But then Frampton was equally candid when he said that he should have not released the follow-up album ‘Im In You’ so soon after ‘...Comes Alive!’ because it was simply not ready. “We were so busy we did not stop for two years,” he explained. “There was a period when I wanted to stop touring and take time off and everyone in the team, management, agent, record company said you have to take advantage of this while your hot, and I thought that they know what they are doing. I did not feel good about going in the studio and do in three months what took six years to get on ‘Comes Alive’. I did not have good material. It was not time to record. I would have needed to take a year and do co-writing and stuff.”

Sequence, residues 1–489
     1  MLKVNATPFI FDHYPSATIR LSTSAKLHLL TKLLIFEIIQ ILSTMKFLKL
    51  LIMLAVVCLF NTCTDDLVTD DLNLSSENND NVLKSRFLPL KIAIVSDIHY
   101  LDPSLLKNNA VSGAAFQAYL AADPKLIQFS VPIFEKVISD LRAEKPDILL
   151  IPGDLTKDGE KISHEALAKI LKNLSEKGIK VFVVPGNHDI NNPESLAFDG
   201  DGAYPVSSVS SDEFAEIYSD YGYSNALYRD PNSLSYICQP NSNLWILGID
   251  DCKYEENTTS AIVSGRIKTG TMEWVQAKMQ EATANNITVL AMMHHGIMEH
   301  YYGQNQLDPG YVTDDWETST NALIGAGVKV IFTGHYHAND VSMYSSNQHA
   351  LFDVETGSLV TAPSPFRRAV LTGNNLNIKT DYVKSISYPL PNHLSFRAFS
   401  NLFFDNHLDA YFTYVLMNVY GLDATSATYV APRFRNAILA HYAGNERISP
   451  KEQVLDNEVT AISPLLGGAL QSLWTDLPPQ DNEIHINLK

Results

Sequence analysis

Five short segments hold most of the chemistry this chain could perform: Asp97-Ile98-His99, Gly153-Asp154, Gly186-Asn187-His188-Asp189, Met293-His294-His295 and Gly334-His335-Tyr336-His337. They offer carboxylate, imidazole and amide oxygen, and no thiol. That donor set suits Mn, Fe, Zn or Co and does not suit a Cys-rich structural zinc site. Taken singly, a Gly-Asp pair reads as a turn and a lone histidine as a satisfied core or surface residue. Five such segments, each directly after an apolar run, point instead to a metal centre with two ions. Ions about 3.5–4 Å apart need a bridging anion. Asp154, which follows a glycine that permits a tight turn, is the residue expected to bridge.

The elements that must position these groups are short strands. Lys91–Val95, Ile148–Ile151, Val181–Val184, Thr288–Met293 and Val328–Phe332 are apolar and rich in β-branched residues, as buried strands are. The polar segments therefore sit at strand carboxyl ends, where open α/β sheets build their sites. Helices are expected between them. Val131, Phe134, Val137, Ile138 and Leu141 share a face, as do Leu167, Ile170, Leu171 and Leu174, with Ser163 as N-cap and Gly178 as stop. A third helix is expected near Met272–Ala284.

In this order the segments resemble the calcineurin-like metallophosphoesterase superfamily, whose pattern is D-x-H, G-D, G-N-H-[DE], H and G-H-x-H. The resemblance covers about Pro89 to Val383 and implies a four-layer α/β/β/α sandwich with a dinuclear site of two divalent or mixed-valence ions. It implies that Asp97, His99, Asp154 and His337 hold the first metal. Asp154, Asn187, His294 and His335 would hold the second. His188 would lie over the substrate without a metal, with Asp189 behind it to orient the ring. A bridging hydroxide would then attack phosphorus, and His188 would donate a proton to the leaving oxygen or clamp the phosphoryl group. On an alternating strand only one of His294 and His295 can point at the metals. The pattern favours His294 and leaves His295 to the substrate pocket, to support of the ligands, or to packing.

Frampton was even more direct when he spoke about “that movie” (the dreadfully kitsch film version of ‘Sgt Peppers’ produced by Robert Stigwood, also featuring the Bee Gees). “In my gut I did not want to do that,” he told Harcourt. “The only reason was that Robert Stigwood told me that Paul McCartney was going to have the part that Billy Preston plays in the film. I said ‘If there is a Beatle, that’s OK for me and I’ll do it.’ Guess what? Paul’s not in the movie. A few weeks later, I went to see Wings at Wembley and then went backstage to see Paul, and said, ‘See you on the set then’ and Paul went ‘what?’. That’s when I realised that I had been lied to.”
There’s a lot to learn from these two back to back episodes in Frampton career, because he never really recovered from what appears now as major career mistakes. 
Registering with an authors’ society can be the start of a great career